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Accessory review: myCharge Peak 6000 portable power vault

The myCharge Peak 6000 is a portable spare battery for you and a couple of friends that is capable of charging the average smartphone several times before exhausting the 6000mAh rechargeable internal battery. With today’s wireless conditions, demanding smartphones, and Angry Birds Star Wars, your phone has most likely needed this at some point in the recent past to keep you talking, surfing, or throwing birds at pigs.

I reviewed its predecessor, the myCharge Power Bank back in March of this year, and although I liked that one and have used it these past six months, there were some issues I had with it at the outset, and subsequently in the later uses.

The myCharge Peak 6000 contains a battery that’s listed at three times the capacity of the HTC EVO 4G LTE, or a little over four times the capacity of an iPhone 5. Unfortunately, this does not translate into three and four charges for an EVO 4G LTE or iPhone 5 respectively due to conversion loss. You can expect to lose about 20% of juice any time you’re going from one battery into another battery.

2012 12 06 13.52.56 - for some reason we don't have an alt tag hereThe Peak 6000 adds the ability to fast charge the battery using built-in retractable wall-outlet prongs. The previous incarnation of this charger required a separate USB charging cable and could take up to 12 hours to charge from completely dead, although it could be charged off of a 1000mAh powered outlet in about six hours.  The Peak 6000 does the same in under three hours from what I’ve observed when plugged into a wall socket. It can also be charged through USB if for some reason you want to slow charge it.

All charging cables that the 6000 comes with either snap, fold, or are magnetically held in place while you’re not using them, making this beast of a charger a little less imposing. Like the Power Bank, it’s a lot larger than it appears it needs to be. For the footprint of the case, I could fit about four Seidio 4000mAh batteries into the thing, and still be a bit lighter than it comes in. It’s also significantly larger than the phone; I’d really expect around 12,000-16,000 mAh out of this beast.

If you’ve got an iPhone or device that uses the old style connector, there’s a charging cable that puts out 2100mAh for fast charging of tablets and anything else that can take it. The USB and microUSB ports are limited to 1000mAh, but that’s not really a limit so much rather than a standard.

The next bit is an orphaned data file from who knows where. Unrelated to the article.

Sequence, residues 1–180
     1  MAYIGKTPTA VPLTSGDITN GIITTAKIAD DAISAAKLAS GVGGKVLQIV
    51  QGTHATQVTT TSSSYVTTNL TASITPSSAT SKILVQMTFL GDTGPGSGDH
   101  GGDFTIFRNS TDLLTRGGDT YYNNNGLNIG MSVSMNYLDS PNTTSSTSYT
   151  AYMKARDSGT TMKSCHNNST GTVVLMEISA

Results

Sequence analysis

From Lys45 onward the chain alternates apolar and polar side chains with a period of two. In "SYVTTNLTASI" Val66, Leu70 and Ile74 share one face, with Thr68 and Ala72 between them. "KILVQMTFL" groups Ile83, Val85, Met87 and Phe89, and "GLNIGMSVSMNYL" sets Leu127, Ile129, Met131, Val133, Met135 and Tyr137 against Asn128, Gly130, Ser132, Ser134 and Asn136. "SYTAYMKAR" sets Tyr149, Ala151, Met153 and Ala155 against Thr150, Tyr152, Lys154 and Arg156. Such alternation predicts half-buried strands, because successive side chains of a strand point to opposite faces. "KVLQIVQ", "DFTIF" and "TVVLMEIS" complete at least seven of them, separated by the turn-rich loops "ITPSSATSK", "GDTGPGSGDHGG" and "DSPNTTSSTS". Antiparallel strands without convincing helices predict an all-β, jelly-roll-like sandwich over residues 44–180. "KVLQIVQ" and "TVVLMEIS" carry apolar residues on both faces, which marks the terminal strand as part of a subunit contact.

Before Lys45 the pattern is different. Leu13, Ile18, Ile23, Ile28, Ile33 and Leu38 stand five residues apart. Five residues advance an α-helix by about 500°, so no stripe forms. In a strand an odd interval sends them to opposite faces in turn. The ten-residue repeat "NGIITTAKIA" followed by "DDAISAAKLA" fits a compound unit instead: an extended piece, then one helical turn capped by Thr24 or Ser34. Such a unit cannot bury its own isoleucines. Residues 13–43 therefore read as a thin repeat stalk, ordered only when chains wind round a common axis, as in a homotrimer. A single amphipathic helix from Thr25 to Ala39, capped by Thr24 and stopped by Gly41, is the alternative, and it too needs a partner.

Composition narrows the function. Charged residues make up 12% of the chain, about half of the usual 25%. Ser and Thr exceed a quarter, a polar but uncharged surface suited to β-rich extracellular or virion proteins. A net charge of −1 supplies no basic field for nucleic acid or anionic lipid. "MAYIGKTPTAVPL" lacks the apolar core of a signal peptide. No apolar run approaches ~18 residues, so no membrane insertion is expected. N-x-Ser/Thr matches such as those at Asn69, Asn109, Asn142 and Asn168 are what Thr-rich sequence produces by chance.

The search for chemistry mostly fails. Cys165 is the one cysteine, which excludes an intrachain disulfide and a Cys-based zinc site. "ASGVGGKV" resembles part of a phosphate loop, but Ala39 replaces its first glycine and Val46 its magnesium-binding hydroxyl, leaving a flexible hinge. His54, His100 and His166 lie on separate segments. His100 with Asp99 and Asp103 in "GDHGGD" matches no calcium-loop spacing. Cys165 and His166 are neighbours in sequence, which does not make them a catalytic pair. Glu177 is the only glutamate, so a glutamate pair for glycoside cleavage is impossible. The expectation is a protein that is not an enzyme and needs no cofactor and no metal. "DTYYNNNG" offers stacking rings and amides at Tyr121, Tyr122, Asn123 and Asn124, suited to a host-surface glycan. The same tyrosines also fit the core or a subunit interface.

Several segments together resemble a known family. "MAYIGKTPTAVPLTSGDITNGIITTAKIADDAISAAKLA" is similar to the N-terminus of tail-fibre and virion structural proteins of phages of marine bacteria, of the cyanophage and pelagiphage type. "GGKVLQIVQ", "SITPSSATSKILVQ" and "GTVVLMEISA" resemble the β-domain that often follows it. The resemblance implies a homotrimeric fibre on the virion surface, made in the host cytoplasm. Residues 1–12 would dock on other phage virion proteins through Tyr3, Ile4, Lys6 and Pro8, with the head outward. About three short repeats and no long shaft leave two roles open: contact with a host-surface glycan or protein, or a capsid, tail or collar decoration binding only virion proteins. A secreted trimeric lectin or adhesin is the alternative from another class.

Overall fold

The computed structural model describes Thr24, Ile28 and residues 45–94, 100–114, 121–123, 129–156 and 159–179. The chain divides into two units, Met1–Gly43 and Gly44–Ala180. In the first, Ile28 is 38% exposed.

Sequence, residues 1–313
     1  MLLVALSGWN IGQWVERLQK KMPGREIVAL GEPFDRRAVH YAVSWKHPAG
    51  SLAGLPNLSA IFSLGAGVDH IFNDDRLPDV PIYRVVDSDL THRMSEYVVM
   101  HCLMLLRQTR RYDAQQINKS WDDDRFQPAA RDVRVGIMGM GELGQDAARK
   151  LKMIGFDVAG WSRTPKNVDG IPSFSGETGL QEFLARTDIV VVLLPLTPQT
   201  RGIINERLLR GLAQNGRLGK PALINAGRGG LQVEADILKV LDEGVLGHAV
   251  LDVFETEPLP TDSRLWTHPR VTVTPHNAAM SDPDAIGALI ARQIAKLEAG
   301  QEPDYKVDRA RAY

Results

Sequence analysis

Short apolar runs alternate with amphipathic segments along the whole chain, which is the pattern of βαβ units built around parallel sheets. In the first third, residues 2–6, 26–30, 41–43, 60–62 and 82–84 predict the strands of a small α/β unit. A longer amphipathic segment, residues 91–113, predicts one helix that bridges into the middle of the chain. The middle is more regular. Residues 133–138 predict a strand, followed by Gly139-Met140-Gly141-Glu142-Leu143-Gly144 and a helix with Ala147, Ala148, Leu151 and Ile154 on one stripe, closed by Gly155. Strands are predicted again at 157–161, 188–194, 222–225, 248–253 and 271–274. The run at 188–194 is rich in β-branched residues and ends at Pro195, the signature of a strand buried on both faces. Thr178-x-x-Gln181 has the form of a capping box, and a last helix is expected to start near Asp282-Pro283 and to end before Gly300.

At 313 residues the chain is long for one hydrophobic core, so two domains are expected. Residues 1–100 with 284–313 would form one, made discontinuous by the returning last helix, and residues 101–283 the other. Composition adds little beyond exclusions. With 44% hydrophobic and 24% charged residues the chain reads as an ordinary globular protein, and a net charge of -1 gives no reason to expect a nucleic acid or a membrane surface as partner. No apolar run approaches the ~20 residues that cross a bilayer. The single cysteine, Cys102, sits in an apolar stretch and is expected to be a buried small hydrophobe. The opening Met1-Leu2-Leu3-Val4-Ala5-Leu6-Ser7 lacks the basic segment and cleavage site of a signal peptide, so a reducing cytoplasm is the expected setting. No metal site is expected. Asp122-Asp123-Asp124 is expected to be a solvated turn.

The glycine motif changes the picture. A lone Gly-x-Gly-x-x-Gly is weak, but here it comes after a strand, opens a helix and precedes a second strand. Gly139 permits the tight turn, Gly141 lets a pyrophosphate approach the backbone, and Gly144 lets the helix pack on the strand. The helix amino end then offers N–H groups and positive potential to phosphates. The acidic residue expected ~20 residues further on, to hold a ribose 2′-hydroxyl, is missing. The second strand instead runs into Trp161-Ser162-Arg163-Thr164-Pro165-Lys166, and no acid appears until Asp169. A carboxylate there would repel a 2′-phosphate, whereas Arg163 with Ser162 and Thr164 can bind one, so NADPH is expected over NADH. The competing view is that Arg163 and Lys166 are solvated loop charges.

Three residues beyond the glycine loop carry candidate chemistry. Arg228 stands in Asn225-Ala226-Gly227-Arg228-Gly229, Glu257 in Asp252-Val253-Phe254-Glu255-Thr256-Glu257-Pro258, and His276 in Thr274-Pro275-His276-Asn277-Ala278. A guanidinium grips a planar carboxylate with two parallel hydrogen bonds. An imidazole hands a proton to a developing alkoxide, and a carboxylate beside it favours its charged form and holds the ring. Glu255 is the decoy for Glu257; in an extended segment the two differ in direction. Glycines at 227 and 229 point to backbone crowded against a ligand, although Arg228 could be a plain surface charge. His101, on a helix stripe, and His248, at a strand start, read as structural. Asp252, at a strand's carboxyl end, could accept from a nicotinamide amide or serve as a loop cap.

The Peak 6000 also adds something totally unnecessary, and potentially cool, depending on your view of things. It speaks to you, letting you know how things are going, with notes such as: “Now charging USB device,” or “Now charging Apple device.” It also can tell you verbally the status of the battery if, for some reason, you need to know and can’t look at the indicator lights.

I’m not a huge fan of the speech capabilities myself, as I like to be able to plug things in and not wake someone up with verbal notifications that the phone is now charging. The instructions that ship with the thing thankfully have a sound-modes page, explaining how to disable, change the language, etc. You’ll require a paperclip or something similar to press one of two buttons hidden underneath the Apple charging jack.

Speaking of Apple, the Peak 6000 can plug into any USB port and act as a pass-through for anything connected to the Apple connector. I’m not really sure how useful this is, since that the device can be plugged into a wall instead of requiring a USB charge, but there it is.

The way the Peak 6000 is laid out, you can charge three devices at once; however, it doesn’t seem to work all that great at three. Two USB charge at what I think is the highest rate they should, one iDevice can charge at 2.1mAh which is the best it should, and if you mix and match those, you seem to have a limit of  3.1mAh total, along with the ability to drain the device significantly faster than you’d expect (under two hours).

All in all, I like the Peak 6000. It’s a bit over-engineered, and has a few features that I consider useless (such as voice notifications), but overall the thing ends up being just kind of neat. In fact, I really dig this thing. If you’re looking for a charger to keep your loved one in touch, I don’t think they’ll dislike this one, and you could do much worse for a gift.

The myCharge Peak 6000 is available for $99.99 from myCharge.

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Paul E King

Paul King started with GoodAndEVO in 2011, which merged with Pocketables, and as of 2018 he's evidently the owner. He lives in Nashville, works at a film production company, is married with two kids. Facebook | Twitter | Donate | More posts by Paul | Subscribe to Paul's posts

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